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Questions and Answers
What does the probability measure?
If a fair coin has equal chances of heads or tails, what is the probability of getting heads?
What defines mutually exclusive events?
Which term refers to the collection of all outcomes outside the original event?
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What is a compound event?
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How is conditional probability defined?
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Which approach involves calculating probabilities based on the ratio of favorable outcomes to total trials?
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What is the total number of possibilities when selecting two distinct cards from a standard deck without replacement?
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How do we calculate theoretical probabilities in experiments following predictable patterns?
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What does the notation $P(AB)$ represent in probability theory?
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Study Notes
Class 12 Mathematics: Probability
In Class 12 mathematics, you'll encounter many fascinating concepts, one of which is probabilityâ€”the calculation of likelihood events will occur based on available data. Here, we'll delve into this crucial subject with a focus on its core ideas and their applications.
Foundational Concepts

Probability: This measures how likely it is that something specific will happen when given a certain set of conditions. It is always represented as a number between 0 and 1 inclusive. For instance, a fair coin has equal chances of getting heads or tails; hence, the probability of either outcome is (\frac{1}{2}).

Sample Space: A comprehensive collection of all possible outcomes of an experiment forms the sample space (S). Each event within the problem must belong to the specified sample space.

Event: An event represents any subset of the sample space that contains outcomes sharing some common characteristics. Events have unique probabilities associated with them. If more than one element belongs to an event, it's known as compound event.

Mutually Exclusive Events: Two events are mutually exclusive if they cannot both happen simultaneously during a single trial. In other words, there can only ever be one winner from such events. Their combined probability equals the sum of individual probabilities.

Complementary Event: The complement of an event is the collection of all outcomes occurring outside the original event. Its probability is calculated by taking the difference between 1 and the probability of the initial event.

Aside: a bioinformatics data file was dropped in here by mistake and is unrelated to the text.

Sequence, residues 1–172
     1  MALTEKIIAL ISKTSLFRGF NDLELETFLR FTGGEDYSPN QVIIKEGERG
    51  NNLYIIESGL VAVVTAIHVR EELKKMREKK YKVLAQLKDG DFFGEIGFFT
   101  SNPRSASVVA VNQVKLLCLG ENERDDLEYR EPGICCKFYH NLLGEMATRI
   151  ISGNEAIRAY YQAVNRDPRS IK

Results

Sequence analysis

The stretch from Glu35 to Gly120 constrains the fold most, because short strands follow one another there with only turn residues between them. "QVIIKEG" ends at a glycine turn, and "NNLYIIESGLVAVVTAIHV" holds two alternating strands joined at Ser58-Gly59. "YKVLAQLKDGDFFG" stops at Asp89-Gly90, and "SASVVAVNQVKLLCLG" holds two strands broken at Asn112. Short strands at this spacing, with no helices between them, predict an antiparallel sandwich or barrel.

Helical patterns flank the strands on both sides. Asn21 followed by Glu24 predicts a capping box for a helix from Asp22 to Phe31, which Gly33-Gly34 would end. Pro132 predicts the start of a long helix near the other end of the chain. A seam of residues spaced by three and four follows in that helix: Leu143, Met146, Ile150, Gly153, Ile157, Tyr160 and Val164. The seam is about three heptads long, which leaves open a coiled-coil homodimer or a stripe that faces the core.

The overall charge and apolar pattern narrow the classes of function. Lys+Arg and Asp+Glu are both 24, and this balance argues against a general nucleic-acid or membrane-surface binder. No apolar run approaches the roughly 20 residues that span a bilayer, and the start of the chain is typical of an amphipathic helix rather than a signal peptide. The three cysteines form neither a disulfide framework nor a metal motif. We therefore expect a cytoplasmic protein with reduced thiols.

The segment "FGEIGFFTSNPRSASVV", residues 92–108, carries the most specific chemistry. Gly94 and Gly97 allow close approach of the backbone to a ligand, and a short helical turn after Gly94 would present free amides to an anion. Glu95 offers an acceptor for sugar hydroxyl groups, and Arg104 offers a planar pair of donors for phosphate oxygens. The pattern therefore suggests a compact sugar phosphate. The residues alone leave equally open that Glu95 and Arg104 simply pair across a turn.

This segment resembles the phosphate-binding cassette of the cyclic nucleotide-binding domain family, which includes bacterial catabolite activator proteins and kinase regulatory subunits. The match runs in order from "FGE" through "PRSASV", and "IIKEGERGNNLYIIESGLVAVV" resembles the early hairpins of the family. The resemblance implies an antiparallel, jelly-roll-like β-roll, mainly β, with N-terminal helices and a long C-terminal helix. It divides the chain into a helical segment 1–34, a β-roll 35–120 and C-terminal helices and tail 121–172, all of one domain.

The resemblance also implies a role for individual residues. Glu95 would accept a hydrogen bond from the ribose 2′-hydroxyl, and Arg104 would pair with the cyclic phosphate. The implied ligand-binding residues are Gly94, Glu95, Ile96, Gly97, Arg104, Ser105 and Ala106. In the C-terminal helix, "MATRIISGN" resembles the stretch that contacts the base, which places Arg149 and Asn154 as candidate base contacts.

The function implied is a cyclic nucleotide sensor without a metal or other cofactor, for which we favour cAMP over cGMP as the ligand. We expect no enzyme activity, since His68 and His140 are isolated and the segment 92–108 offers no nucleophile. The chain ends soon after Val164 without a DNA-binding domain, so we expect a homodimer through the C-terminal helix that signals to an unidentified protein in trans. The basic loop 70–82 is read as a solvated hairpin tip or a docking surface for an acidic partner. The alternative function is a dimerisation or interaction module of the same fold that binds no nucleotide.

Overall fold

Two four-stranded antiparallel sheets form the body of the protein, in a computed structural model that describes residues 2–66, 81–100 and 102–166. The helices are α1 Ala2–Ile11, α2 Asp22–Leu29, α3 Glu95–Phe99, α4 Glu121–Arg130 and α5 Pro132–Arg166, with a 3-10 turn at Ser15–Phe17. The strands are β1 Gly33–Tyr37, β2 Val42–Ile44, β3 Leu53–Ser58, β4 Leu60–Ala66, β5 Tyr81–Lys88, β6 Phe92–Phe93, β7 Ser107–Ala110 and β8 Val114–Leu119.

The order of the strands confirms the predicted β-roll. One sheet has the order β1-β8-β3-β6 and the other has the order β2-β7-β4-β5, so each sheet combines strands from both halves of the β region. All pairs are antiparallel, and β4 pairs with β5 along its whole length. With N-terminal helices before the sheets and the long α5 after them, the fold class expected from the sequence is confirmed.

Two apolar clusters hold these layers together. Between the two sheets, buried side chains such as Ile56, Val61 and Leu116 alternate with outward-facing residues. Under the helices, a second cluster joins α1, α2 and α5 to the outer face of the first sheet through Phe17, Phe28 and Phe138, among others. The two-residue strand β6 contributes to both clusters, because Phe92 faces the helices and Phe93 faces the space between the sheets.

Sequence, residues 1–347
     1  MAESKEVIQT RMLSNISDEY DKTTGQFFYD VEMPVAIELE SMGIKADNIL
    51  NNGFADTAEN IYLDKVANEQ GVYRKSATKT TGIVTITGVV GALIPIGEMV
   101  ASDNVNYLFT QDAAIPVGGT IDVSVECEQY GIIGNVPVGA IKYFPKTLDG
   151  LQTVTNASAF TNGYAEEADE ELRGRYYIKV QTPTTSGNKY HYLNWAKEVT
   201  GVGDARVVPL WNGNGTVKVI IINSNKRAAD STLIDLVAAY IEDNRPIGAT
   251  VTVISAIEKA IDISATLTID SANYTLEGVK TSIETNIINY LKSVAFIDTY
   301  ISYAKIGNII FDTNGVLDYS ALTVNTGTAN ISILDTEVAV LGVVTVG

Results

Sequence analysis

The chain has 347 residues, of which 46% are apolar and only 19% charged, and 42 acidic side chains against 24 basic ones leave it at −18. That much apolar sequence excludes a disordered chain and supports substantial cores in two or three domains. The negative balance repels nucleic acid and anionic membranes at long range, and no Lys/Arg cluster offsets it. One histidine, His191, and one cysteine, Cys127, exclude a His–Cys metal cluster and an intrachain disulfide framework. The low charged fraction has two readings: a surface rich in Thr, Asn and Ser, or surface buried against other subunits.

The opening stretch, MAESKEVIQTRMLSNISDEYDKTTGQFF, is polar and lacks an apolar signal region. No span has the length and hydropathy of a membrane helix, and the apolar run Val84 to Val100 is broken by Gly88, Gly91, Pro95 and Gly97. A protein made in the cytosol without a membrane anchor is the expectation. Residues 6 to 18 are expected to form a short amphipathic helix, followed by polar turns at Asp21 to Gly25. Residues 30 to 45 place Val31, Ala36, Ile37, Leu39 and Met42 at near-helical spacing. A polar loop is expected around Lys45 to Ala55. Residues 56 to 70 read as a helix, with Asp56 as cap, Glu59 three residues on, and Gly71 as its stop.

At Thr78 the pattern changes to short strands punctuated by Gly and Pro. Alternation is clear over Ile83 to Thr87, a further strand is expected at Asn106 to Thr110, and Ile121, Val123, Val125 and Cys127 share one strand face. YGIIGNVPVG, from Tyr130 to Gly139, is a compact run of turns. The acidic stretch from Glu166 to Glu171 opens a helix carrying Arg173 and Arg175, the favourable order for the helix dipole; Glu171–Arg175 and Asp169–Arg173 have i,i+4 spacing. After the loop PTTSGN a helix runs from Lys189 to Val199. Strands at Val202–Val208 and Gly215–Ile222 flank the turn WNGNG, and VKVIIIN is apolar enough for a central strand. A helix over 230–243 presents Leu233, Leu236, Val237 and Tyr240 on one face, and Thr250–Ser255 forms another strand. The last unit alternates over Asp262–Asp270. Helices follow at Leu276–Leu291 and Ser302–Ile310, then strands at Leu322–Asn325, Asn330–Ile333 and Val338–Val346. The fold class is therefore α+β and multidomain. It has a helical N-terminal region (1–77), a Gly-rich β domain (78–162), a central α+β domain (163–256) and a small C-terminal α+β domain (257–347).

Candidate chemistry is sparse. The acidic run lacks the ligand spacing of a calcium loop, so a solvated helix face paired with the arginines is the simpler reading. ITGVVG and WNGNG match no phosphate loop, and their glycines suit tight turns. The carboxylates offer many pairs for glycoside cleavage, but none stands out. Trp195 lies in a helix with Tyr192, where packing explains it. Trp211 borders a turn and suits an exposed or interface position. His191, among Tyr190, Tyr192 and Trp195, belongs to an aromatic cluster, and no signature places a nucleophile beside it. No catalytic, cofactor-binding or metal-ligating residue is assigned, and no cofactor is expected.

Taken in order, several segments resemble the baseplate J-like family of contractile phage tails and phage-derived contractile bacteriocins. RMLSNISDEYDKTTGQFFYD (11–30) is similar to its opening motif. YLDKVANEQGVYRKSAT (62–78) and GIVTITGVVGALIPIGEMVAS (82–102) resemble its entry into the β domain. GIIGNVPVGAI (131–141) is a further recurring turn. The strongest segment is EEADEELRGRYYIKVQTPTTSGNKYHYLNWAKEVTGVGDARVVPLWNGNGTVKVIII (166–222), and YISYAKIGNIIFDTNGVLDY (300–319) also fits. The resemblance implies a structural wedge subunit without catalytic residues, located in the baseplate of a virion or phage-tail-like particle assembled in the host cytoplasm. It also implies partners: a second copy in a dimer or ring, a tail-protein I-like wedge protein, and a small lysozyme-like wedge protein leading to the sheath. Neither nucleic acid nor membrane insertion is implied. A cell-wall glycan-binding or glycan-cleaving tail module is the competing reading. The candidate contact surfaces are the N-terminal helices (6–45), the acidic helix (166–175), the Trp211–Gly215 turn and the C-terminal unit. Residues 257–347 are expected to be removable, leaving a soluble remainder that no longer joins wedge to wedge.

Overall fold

Conditional Probability: When information about one event affects our understanding of another event, we refer to conditional probability. Letting (P(AB)) represent the conditional probability of event (A), given event (B).
Calculating Probability
There are several ways to compute probability depending upon the type of experiment being conducted:

Relative Frequency Approach: By calculating the ratio of the frequency of favorable outcomes divided by the total number of trials, we determine relative frequencies and eventually convert these values into probabilities.

Theoretical Probability: Many experiments follow predictable patterns where every outcome has a specific chance of happening. We can calculate theoretical probabilities using simple counting techniques like factorials, combinations, and permutations.
Here's a brief example demonstrating calculating the probability of choosing two distinct cards without replacement from a standard deck:
Let's say we pick two cards randomly out of a standard 52 card deck, without replacing the first selected card before picking the second one. To find the probability of selecting the king of hearts ((K_H)) followed by the queen of clubs ((Q_C)), we need to count the total number of successful outcomes and divide it by the total number of possibilities:
Total successful outcomes = Number of (K_H) cards * Number of (Q_C) cards after removing (K_H) = 1 * 1 = 1
Number of possibilities = Total number of cards  Card chosen initially + Cards remaining after removing chosen card = 51  1 + 51  1 = 100
Now, divide successful outcomes by the total possibilities: [ P(K_H, Q_C)=\dfrac{1}{100}=\frac{1}{%} ] or approximately 0.01.
These foundational concepts equip students well for further explorations in advanced mathematical disciplines such as statistics, probability theory, and machine learning.
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Description
Explore the foundational concepts and methods for calculating probability in Class 12 Mathematics. Learn about sample space, mutually exclusive events, conditional probability, and various approaches like relative frequency and theoretical probability. Master the art of determining probabilities using realworld examples.